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Don't Blow This Chance, Washington


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DON'T BLOW THIS CHANCE, WASHINGTON

When the history of the 105th Congress is written, it will likely record that an ambitious onetime actor, Senator Fred Thompson (R-Tenn.), and a small group of moderate GOP senators preserved the integrity of their party and the institution in which they serve. But just barely, and just before the public's contempt for the money-politics scandal engulfing Washington turned to complete revulsion--and perhaps a dangerous backlash. Under heavy pressure from the moderates, Senate Majority Leader Trent Lott (R-Miss.), reversed position. He will now allow Thompson to conduct a broad probe of both illegal and improper campaign fund-raising practices, including "soft" money contributions. This provides a final opportunity for politicians to redeem themselves in the eyes of the people. Both Democrats and Republicans should take it.

But exposing wrongdoing must be followed by serious reform. What is most egregious about the current campaign-finance system is not what is illegal, but rather what is legal. The ability to raise unlimited amounts of money from parties with particular agendas--ostensibly for party-building activities but mostly for supporting candidates--has turned the White House and Congress into a favor-selling bazaar. Access is the key resource to be sold--access to the President, to Democratic and Republican party leaders, and to top committee chairmen in the House and Senate who write the laws and regulations governing America. Monied interests trump voters in this game. And both legislators and Presidents must spend much of their day currying favor with possible contributors instead of attending to the nation's business.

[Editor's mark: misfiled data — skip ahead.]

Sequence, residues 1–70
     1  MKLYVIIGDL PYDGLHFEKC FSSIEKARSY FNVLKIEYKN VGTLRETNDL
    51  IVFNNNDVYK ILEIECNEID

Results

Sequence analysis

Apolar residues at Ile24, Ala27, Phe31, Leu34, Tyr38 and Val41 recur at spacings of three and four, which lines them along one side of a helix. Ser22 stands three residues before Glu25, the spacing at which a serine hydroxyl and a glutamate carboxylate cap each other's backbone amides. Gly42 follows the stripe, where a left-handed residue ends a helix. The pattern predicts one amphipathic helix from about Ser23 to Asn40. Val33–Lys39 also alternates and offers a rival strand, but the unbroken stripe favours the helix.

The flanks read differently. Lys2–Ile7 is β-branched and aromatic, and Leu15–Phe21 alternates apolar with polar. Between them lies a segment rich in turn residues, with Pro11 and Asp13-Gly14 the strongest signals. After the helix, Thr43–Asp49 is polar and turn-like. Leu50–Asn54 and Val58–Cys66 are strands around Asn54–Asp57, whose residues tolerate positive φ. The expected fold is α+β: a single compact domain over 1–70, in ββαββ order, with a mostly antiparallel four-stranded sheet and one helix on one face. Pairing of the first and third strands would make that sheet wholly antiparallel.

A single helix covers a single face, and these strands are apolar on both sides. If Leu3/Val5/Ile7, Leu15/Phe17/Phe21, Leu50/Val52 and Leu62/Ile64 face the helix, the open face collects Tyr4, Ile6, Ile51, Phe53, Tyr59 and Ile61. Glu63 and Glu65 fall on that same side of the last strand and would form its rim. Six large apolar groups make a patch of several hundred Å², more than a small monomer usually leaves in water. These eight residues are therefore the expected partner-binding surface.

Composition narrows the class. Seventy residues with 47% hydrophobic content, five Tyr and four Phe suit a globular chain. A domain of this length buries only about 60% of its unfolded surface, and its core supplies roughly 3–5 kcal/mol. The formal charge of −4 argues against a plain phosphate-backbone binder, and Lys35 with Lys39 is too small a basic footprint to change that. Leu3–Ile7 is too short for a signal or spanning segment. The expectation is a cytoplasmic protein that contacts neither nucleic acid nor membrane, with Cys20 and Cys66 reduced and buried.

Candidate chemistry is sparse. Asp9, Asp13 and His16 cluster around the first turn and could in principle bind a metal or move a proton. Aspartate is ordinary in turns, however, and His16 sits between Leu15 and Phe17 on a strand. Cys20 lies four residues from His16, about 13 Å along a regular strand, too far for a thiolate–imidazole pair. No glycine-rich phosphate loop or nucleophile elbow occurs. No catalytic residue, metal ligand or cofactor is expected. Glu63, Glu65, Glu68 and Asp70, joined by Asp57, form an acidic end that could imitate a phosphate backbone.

This has got to stop once and for all. Polls show that the public holds both Republicans and Democrats responsible for playing this corrupting campaign-finance game. Thompson's investigation is bound to confirm this view. The excesses of the 1996 election are the best opportunity to clean up the electoral system--and bring back voters who have increasingly boycotted it. The first step is a full and fair hearing of what happened in the past election. The next step must be action and campaign-finance reform.


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